Economic data is scary stuff for small business owners. But quarterly data dumps don't impact horse feed and supplies business sales nearly as much as sale strategy.
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If your exit strategy involves selling a horse feed and supplies business now, sellers need to make a strong case for buyers to purchase at or near the asking price.
So you've decided to sell your horse feed and supplies business. That's great -- but have you considered what's next? Are you moving on to another business venture? Are you retiring? Although next steps may seem inconsequential, they actually play an important role in shaping the structure of the sale of your horse feed and supplies business. We frequently encounter business sellers who haven't thought enough about their futures to know whether certain concessions (e.g seller financing) are a real possibility. As a result, they make bad decisions during the sale and experience less-than-optimal outcomes.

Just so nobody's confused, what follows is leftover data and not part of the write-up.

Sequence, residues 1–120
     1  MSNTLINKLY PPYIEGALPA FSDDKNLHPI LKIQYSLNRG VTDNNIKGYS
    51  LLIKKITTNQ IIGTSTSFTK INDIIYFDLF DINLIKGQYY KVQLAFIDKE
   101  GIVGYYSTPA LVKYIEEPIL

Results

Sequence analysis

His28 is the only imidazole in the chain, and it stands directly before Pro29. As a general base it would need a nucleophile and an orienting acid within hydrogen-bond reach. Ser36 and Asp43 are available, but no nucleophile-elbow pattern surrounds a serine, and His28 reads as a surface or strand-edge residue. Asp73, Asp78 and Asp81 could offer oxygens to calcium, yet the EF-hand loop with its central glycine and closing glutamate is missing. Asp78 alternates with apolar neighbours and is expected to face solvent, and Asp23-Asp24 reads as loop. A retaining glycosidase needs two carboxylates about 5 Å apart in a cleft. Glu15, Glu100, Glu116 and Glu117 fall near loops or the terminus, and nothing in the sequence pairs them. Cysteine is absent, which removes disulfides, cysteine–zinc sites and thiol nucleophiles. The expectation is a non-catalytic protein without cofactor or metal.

Sellers aren't the only ones who can make concessions in a business sale. In many instances, sellers can request buyer concessions. Often, buyer concessions represent financial incentives that the seller receives in exchange for providing a non-cash benefit (e.g. training, financing, etc.. Asset exclusions, retained ownership shares and long-term contracts with another of the seller's companies can also be leveraged to extract concessions from buyers.
Broker vs. No Broker
When selling a horse feed and supplies business, you have two choices: Hire a broker to facilitate the sale or perform the sale unassisted. Is there a cost associated with hiring a broker? Sure - about 10% of the final sale prices. But a good broker will make selling your horse feed and supplies business much less painful. You can also expect to receive a higher sales price for your business in a broker-assisted deal.
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